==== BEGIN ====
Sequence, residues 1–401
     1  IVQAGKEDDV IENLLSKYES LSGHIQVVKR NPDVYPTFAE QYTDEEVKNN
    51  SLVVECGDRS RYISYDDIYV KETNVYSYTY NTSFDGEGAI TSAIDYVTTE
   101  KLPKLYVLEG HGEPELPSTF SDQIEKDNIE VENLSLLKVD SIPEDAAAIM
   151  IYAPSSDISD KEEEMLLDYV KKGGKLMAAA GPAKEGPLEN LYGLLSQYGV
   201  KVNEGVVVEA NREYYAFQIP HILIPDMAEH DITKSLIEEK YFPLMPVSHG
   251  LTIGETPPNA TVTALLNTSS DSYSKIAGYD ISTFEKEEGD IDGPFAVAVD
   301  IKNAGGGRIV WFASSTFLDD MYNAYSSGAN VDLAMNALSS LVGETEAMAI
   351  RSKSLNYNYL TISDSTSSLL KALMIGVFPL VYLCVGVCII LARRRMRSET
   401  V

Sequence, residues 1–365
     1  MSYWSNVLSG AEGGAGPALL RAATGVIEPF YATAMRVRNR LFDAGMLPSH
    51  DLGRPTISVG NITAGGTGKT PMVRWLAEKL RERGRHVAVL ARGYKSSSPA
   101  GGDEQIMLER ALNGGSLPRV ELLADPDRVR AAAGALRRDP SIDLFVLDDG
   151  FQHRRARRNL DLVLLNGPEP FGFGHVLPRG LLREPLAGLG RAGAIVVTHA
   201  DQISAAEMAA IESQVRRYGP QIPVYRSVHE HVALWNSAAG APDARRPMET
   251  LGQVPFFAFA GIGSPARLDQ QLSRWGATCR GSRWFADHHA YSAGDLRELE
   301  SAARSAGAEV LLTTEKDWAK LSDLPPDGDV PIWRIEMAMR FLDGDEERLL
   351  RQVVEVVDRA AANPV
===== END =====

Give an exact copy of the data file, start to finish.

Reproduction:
Sequence, residues 1–401
     1  IVQAGKEDDV IENLLSKYES LSGHIQVVKR NPDVYPTFAE QYTDEEVKNN
    51  SLVVECGDRS RYISYDDIYV KETNVYSYTY NTSFDGEGAI TSAIDYVTTE
   101  KLPKLYVLEG HGEPELPSTF SDQIEKDNIE VENLSLLKVD SIPEDAAAIM
   151  IYAPSSDISD KEEEMLLDYV KKGGKLMAAA GPAKEGPLEN LYGLLSQYGV
   201  KVNEGVVVEA NREYYAFQIP HILIPDMAEH DITKSLIEEK YFPLMPVSHG
   251  LTIGETPPNA TVTALLNTSS DSYSKIAGYD ISTFEKEEGD IDGPFAVAVD
   301  IKNAGGGRIV WFASSTFLDD MYNAYSSGAN VDLAMNALSS LVGETEAMAI
   351  RSKSLNYNYL TISDSTSSLL KALMIGVFPL VYLCVGVCII LARRRMRSET
   401  V

Sequence, residues 1–365
     1  MSYWSNVLSG AEGGAGPALL RAATGVIEPF YATAMRVRNR LFDAGMLPSH
    51  DLGRPTISVG NITAGGTGKT PMVRWLAEKL RERGRHVAVL ARGYKSSSPA
   101  GGDEQIMLER ALNGGSLPRV ELLADPDRVR AAAGALRRDP SIDLFVLDDG
   151  FQHRRARRNL DLVLLNGPEP FGFGHVLPRG LLREPLAGLG RAGAIVVTHA
   201  DQISAAEMAA IESQVRRYGP QIPVYRSVHE HVALWNSAAG APDARRPMET
   251  LGQVPFFAFA GIGSPARLDQ QLSRWGATCR GSRWFADHHA YSAGDLRELE
   301  SAARSAGAEV LLTTEKDWAK LSDLPPDGDV PIWRIEMAMR FLDGDEERLL
   351  RQVVEVVDRA AANPV